A while ago, I wrote a post, “Why Is Faith a Virtue?” Particularly faith in the face of adversity. Why is the greatest tzaddik in the frum world the person who, despite personal tragedy, holds on to their emunah?
I think I have an answer. From conversations that I have had with various frum people I have gotten the impression that many believe that everyone sees the world the same way they do. One person told me outright that “The goyim don’t really believe in their religions the way a frum person has emunah in Hashem.” In their view, everyone really believes in Hashem. The only reason someone wouldn’t believe is if they are pretending. They’ll even say that sometimes a person will pretend so well that he will fool himself into really thinking that he doesn’t believe, but deep down he knows that Hashem in the Borie Olam and Yiddishkeit is the Truth.
As an aside, this might also answer a question I’ve had in Chumash. The meforshim condemn Pharaoh for his answer to Moshe’s demand in the name of Hashem to free the Bnie Yisroel: “Who is this God you speak of?” From Pharaoh’s point of view, this is a perfectly legitimate question. There is even a medrash that says he looked through a book of gods and didn’t find Hashem’s name there. The Egyptians had a whole pantheon of gods, and knew the pantheons of other nations. Why should Pharaoh, the embodiment of Ra on Earth, take orders from a god of slaves, a god whom he had never heard of?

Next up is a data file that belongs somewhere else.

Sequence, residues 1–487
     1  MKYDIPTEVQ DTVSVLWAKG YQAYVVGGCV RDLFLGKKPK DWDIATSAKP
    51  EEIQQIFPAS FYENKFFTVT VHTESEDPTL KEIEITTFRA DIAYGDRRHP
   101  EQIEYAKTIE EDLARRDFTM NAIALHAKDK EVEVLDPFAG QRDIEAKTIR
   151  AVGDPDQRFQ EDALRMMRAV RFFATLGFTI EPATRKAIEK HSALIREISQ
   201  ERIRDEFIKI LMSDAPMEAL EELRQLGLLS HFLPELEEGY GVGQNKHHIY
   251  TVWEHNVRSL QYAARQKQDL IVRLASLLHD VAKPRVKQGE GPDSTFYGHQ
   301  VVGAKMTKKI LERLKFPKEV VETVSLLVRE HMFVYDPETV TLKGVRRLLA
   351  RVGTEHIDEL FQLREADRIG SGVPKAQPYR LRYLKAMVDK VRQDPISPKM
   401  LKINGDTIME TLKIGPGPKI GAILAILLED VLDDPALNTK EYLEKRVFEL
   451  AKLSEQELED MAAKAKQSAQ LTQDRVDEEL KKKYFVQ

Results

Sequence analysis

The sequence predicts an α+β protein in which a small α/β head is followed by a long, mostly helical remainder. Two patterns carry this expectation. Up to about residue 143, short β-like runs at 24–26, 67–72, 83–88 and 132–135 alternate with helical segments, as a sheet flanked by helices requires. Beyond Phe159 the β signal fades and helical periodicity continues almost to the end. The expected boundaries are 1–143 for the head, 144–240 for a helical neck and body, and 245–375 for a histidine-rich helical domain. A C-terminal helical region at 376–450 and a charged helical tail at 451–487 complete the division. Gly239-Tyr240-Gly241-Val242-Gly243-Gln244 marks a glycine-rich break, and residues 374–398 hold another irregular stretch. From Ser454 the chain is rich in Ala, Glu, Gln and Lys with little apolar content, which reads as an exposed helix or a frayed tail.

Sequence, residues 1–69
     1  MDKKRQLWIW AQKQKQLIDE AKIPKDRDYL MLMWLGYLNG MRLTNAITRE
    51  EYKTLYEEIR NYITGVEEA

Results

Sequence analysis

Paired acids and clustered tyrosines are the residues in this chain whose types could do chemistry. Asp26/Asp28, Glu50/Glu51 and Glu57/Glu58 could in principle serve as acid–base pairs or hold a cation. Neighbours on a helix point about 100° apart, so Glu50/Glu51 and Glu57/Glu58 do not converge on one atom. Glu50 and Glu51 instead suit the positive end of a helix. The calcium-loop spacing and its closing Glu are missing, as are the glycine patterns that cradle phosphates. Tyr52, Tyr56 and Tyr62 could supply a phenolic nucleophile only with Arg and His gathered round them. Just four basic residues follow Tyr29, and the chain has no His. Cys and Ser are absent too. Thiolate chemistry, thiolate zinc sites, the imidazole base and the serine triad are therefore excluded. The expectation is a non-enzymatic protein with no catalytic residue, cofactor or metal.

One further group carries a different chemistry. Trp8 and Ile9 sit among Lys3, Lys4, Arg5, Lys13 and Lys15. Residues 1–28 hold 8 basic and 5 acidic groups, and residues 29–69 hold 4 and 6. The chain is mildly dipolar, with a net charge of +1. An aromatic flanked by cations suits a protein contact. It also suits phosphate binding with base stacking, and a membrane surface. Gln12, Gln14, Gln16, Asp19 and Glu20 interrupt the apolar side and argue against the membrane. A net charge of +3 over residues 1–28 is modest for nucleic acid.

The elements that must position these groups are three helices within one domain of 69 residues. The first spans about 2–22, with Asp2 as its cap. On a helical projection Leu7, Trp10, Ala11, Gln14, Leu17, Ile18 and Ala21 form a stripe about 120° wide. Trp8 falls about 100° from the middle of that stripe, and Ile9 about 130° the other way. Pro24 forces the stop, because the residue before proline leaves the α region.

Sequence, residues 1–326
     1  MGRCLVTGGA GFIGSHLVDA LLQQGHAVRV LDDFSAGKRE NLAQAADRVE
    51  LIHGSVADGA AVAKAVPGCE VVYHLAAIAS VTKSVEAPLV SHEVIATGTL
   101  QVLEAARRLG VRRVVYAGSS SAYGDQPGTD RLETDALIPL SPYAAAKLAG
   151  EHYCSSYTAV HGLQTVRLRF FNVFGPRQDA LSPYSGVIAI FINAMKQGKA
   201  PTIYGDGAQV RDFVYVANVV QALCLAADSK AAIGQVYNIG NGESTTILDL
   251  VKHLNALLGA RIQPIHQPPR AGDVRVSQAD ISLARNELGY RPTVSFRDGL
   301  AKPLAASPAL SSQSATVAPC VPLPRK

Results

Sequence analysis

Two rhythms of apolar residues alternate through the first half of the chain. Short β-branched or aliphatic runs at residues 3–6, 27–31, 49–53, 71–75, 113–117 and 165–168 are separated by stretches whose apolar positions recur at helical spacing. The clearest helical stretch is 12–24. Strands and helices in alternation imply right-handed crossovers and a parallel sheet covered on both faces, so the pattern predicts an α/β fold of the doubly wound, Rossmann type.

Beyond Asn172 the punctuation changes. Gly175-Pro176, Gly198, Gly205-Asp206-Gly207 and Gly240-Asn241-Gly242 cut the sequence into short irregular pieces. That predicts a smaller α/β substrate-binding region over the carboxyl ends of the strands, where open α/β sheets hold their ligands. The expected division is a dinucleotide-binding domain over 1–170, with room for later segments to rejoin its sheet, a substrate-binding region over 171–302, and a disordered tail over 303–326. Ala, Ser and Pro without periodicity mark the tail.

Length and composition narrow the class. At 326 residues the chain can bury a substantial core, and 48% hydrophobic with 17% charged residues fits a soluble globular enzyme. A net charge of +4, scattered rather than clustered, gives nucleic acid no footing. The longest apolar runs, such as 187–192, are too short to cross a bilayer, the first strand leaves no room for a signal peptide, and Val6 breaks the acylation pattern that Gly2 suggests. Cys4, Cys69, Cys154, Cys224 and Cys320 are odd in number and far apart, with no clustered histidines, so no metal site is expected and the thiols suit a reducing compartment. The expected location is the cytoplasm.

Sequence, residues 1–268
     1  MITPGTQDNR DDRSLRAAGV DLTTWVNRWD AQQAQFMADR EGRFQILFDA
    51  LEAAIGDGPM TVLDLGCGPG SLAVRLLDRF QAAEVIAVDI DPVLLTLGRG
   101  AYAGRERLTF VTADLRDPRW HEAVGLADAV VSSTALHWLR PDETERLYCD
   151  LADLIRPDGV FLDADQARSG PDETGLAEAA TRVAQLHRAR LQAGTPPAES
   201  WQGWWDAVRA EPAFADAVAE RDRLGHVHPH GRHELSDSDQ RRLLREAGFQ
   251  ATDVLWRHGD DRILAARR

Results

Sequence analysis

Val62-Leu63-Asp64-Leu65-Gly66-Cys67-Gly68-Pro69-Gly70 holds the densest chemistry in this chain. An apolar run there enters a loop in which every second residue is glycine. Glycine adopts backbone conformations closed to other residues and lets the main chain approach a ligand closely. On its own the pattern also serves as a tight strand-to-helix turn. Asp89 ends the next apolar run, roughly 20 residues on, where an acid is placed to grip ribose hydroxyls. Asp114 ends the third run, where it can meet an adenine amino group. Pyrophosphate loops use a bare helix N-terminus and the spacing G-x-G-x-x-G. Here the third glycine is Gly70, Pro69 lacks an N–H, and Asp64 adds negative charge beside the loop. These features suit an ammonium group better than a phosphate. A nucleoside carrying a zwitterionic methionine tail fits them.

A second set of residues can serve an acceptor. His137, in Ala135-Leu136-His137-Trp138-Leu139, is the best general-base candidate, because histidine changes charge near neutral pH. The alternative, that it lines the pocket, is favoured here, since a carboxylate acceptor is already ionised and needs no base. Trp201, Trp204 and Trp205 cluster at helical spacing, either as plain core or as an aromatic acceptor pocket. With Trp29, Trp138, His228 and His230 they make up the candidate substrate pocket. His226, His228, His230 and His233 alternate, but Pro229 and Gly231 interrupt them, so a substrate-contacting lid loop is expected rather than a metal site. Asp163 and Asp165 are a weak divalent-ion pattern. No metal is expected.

The answer could be in the belief I cited above that everyone really, deep down, knows that Hashem is the Borei Olam. Everyone, even Pharaoh. (Never mind that he had legitimately never heard of Hashem. He just KNEW.) So Pharaoh not bowing to Hashem’s will, and worse, having the audacity to ask who He is, is evil.
In the same way, a person who experiences a tragic event doesn’t go through a logical process where he decides that an omni-benevolent God wouldn’t do such a thing, and therefore decides God doesn’t exist. At best, he knows that God exists, but he’s angry with God, and so refuses to acknowledge Him out of spite. Contrast this with someone who experiences a tragedy and continues to trust in God.
Remember, legitimate disbelief is not a real option. A person either believes and continues to trust in God, or believes and pretends he doesn’t out of anger/spite. Which of these attitudes is the more virtuous? Clearly, the more socially useful (in a non-democratic society anyway), and therefore virtuous attitude, is continued trust in a leader despite an apparently tragic mistake.